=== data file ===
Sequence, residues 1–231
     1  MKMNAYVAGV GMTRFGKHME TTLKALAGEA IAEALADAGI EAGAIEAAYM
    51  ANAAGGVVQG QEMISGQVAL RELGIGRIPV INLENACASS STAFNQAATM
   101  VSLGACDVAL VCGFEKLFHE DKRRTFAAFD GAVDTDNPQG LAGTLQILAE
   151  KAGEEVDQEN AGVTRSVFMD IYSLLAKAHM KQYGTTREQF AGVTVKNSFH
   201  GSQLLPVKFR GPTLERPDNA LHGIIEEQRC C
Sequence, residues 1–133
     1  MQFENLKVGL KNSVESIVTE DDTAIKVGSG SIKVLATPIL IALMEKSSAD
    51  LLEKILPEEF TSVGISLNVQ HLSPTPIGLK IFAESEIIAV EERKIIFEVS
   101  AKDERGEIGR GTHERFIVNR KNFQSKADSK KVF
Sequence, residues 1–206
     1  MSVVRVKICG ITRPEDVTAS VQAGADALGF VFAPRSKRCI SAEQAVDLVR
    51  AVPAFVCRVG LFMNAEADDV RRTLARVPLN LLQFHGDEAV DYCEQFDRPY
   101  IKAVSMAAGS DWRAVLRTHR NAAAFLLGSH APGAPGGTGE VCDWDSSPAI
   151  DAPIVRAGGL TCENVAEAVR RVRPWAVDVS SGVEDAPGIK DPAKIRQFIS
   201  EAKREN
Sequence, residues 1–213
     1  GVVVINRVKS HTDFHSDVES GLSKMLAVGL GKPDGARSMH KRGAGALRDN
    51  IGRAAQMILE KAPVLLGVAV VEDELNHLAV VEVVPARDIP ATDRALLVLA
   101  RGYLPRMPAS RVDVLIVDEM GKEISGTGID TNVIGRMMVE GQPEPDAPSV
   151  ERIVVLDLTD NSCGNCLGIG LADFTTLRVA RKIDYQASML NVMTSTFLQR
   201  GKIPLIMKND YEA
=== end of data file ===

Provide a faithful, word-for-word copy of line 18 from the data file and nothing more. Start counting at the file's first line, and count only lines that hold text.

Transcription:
     1  GVVVINRVKS HTDFHSDVES GLSKMLAVGL GKPDGARSMH KRGAGALRDN